Sales of existing home sales were up 5.3% in January from a year ago. While economists expected sales to drop, instead they discovered some positive news in a housing market that is still on a bumpy road to recovery. See the following article from The Street for more on this.
More people bought existing homes in January, with sales activity accelerating at a rate above year-ago levels for the first time in seven months.
According to the National Association of Realtors, existing home sales, which are completed transactions that include single-family, townhomes, condominiums and co-ops, increased 2.7 percent to a seasonally adjusted annual rate of 5.36 million in January from a downwardly revised 5.22 million in December. Economists were expecting existing home sales to drop to 5.23 million from 5.28 million reported previously.
The sales activity was 5.3% higher than the 5.09 million reported in January 2010. This is the first time in seven months that sales activity was higher than a year earlier.
Claim up to $26,000 per W2 Employee
- Billions of dollars in funding available
- Funds are available to U.S. Businesses NOW
- This is not a loan. These tax credits do not need to be repaid
"The uptrend in home sales is consistent with improvements in the economy and jobs, which are helping boost consumer confidence," Lawrence Yun chief economist at NAR, said. "The extremely favorable housing affordability conditions are a big factor, but buyers have been constrained by unnecessarily tight credit. As a result, there are abnormally high levels of all-cash purchases, along with rising investor activity."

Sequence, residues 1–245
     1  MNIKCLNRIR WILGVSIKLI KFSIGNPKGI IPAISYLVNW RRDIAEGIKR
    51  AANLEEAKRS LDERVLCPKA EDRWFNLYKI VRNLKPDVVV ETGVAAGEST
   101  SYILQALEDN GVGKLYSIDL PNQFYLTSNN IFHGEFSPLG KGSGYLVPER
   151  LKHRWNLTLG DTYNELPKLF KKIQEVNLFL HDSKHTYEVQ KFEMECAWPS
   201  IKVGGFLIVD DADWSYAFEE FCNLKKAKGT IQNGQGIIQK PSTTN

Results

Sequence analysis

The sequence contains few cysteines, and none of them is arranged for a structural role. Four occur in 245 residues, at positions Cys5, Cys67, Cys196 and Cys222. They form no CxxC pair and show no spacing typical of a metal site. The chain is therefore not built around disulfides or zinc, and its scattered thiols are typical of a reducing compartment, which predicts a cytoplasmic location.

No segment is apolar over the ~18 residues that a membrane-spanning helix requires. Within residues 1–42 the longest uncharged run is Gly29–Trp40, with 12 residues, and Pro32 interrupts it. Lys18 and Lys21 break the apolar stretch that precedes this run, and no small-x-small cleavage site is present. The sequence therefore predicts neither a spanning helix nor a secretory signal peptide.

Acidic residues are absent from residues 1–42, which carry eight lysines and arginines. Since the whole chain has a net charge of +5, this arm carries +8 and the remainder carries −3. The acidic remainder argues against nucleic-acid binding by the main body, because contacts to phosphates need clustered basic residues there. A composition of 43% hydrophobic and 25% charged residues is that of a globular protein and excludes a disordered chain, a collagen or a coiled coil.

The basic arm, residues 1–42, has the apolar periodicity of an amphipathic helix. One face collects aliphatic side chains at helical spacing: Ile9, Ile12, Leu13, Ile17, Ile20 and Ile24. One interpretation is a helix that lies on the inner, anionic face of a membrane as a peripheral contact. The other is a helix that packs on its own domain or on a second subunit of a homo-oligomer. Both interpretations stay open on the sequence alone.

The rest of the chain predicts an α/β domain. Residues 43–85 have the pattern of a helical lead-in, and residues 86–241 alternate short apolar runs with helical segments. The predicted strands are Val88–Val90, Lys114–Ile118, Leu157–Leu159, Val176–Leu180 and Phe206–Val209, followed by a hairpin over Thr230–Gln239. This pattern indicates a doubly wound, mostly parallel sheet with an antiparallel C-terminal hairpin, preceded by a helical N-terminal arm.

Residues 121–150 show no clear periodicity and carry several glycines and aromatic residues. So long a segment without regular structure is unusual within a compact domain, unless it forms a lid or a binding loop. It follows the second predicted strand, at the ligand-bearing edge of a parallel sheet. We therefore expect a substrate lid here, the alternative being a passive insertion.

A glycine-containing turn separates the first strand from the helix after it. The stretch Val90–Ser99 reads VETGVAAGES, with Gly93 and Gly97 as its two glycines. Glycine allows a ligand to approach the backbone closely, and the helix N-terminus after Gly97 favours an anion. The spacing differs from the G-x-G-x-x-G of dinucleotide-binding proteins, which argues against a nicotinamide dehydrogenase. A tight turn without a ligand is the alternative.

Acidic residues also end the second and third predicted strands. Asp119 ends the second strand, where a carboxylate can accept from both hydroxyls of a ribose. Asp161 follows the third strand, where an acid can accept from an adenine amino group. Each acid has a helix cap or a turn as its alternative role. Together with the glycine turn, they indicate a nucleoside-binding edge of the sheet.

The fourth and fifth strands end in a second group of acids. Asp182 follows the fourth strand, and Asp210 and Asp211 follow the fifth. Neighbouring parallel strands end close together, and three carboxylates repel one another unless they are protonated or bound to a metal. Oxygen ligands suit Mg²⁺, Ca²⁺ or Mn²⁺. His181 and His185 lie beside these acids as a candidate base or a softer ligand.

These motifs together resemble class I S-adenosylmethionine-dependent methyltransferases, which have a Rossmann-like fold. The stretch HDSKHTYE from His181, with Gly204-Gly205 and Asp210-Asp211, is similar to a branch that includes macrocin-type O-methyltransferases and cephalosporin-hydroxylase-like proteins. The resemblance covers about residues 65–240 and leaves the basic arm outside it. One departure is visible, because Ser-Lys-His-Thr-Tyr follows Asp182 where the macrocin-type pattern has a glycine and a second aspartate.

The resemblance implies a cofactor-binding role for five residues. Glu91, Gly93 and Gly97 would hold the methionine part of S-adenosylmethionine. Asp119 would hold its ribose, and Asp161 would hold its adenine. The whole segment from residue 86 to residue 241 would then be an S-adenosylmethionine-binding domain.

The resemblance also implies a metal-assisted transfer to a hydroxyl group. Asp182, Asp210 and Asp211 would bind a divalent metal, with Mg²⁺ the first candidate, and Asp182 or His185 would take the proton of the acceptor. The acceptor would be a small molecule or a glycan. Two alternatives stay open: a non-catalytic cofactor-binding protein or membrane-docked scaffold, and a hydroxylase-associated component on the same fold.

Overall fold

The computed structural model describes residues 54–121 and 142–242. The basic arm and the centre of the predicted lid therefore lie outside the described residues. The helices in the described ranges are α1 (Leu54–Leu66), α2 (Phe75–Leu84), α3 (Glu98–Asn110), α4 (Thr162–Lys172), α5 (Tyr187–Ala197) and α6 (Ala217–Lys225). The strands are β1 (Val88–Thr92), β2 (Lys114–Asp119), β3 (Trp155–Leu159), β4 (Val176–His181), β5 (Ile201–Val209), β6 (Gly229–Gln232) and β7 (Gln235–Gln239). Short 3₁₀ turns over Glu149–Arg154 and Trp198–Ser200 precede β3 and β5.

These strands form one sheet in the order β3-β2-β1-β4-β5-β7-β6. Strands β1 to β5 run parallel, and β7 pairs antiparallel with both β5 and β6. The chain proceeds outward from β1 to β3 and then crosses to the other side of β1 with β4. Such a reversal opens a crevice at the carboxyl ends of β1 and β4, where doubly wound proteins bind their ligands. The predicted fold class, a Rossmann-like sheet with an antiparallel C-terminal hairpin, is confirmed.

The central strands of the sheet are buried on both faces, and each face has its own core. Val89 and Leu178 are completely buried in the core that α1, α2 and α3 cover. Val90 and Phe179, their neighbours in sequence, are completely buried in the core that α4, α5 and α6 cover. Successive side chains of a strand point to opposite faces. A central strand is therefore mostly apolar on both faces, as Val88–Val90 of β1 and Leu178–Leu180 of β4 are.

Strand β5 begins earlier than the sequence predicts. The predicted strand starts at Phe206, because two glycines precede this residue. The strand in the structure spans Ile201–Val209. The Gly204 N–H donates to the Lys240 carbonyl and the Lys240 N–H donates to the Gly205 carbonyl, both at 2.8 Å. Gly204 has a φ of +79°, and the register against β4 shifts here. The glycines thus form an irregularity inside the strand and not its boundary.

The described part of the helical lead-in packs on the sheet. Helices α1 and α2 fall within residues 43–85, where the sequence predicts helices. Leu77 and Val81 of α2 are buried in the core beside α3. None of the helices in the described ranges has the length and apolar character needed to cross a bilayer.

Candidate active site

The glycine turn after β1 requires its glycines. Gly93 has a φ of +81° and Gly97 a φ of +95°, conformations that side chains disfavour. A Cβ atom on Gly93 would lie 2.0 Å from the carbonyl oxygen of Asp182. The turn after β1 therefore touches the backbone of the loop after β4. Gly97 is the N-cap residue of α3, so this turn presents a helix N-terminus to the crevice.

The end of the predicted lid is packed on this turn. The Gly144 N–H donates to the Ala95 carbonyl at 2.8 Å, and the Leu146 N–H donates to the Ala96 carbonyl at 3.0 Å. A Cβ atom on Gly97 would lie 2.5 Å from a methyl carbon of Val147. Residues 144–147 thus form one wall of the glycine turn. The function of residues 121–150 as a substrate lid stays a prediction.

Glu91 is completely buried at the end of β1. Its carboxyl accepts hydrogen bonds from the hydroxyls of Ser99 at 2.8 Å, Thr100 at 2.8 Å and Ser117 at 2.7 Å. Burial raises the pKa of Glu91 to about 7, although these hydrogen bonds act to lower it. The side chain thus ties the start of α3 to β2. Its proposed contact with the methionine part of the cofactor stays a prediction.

All-cash purchases are at the highest level since NAR started measuring these purchases monthly in October 2008, when they accounted for 15 percent of the market. The average of all-cash deals was 20 percent in 2009, rising to 28 percent last year.
High levels of cash purchases pulls down the median price of existing homes. The national median existing-home price for all housing types was $158,800 in January, down 3.7 percent from January 2010.
Total housing inventory at the end of January fell 5.1 percent to 3.38 million existing homes available for sale, which represents a 7.6-month supply at the current sales pace, down from an 8.2-month supply in December. The inventory supply is at the lowest level since December 2009 when there was a 7.3-month supply.
The SPDR Homebuilders ETF (XHB) was down 0.5% in Wednesday morning trades. Shares of Toll Brothers (TOL) and Ryland Group (RYL) were up 2.3% and 1% respectively, with most homebuilders trading weaker.
This article has been republished from The Street. You can also view this article at The Street, a site covering financial news, commentary, analysis, ratings, business and investment content.